Smaller Projects, Hybrid Annuity Model Make Infrastructure More Viable; Smaller Firms Grab Lion’s Share In Current Fiscal

Smaller Projects, Hybrid Annuity Model Make Infrastructure More Viable; Smaller Firms Grab Lion’s Share In Current FiscalConstruction of the Delhi-Meerut Expressway at Dasna in the Ghaziabad District of Uttar Pradesh (Sakib Ali/Hindustan Times via Getty Images)

With changes in how the National Highways Authority of India (NHAI) and its parent body Ministry of Road Transport and Highways (MoRTH) give out projects, the infrastructure sector has gathered momentum. The biggest beneficiary post the changes are however not the well established infrastructure majors but relatively smaller firms.

Data compiled by investment bank Equirus Securities for the NHAI shows that large firms such as Dilip Buildcon (Rs 18,770 crore), IRB Infrastructure (Rs 8,900 crore) and Ashoka Buildcon (Rs 5,500 crore) were the largest contract awardees, smaller firms including J Kumar Infraprojects, Madhucon Projects, HG Infra and several joint ventures between Monte Carlo and PNC Infratech grabbed up 48 per cent of the total bids awarded in the current fiscal.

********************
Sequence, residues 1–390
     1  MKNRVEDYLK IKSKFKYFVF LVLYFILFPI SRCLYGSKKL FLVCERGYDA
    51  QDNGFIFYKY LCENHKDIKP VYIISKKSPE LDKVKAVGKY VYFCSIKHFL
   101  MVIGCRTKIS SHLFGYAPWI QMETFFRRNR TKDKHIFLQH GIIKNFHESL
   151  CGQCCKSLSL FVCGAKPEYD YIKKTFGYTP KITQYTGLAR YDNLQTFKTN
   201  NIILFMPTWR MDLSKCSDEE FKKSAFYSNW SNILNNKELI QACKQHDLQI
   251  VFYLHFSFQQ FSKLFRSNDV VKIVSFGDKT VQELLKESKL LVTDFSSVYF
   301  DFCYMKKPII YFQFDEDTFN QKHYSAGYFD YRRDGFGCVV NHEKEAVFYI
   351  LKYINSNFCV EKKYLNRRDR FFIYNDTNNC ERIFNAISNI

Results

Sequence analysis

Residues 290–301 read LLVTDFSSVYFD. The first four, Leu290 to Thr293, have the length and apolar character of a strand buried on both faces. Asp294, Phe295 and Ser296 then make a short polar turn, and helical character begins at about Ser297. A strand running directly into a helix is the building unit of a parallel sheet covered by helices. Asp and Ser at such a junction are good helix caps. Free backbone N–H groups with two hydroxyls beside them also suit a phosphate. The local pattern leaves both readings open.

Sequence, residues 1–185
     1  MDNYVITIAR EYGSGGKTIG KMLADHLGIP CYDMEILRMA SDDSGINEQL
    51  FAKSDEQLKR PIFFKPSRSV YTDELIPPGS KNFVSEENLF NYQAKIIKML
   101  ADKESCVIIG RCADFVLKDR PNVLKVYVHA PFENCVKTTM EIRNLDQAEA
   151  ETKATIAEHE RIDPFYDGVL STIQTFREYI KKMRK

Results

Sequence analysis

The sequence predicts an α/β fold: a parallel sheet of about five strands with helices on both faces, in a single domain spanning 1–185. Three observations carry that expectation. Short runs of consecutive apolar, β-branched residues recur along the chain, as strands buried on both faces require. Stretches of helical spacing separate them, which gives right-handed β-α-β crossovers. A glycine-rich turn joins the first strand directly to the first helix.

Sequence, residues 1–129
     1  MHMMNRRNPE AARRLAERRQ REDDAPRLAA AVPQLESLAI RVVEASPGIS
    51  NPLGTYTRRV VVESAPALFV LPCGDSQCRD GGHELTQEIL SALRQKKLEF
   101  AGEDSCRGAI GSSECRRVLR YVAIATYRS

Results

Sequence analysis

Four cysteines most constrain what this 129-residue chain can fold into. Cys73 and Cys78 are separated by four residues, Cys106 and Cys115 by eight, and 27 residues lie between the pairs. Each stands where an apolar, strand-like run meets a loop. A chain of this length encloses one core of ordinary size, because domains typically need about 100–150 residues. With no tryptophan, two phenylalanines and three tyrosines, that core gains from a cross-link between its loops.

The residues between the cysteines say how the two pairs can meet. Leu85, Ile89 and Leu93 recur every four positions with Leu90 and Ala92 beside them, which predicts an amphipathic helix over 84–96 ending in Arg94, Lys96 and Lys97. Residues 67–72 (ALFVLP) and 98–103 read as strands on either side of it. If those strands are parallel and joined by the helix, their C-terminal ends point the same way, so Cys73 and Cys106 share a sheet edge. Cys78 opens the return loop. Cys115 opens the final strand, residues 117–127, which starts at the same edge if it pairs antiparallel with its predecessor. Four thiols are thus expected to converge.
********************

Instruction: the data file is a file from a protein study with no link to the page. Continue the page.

The report adds that bids for the small project segment – projects below Rs 200 crore – saw 10 to 15 participants while for those above Rs 200 crore saw the interested parties drop to between six and ten.

Apart from smaller projects, the Union Minister for Road Transport and Highways Nitin Gadkari’s much talked about Hybrid Annuity Model (HAM) has seen smaller firms who earlier used to be sub-contractors for larger firms are now bidding for projects on their own. Introduced in 2016, the develop gets 40 per cent of the project cost under HAM from the government over five installments contingent on the project’s progress. The rest, while being borne by the developer can be recovered as annuity or toll.

With the switch over from Build-Operate-Transfer (BOT) to HAM, smaller developers are able to bid for projects while the incumbent heavyweights can afford to skip several projects. Under BOT, till 2016, projects would usually only go to larger firms who could afford to put up the capital required to build the highway. The NHAI and MoRTH today prefer going in for engineering-procurement-construction (EPC) or HAM and then handing over the project to a private party under the toll-operate toll (TOT) method.

The NHAI spent over Rs 8,000 crore in FY18 mostly funded by budgetary support from the centre, money borrowed from the market, toll collections, and cess imposed. It now expects to receive Rs 9,700 crore from the sale of its first TOT bundle to Australia’s Macquarie group. It plans to give out at least Rs 10,000 crore worth of TOT bundles in the next fiscal.

In FY18, 150 projects totalling 7,397 km were given out by the NHAI, setting a new record. Of these, 63 per cent was from HAM projects, 35 per cent from BOT and the rest were through EPC projects.

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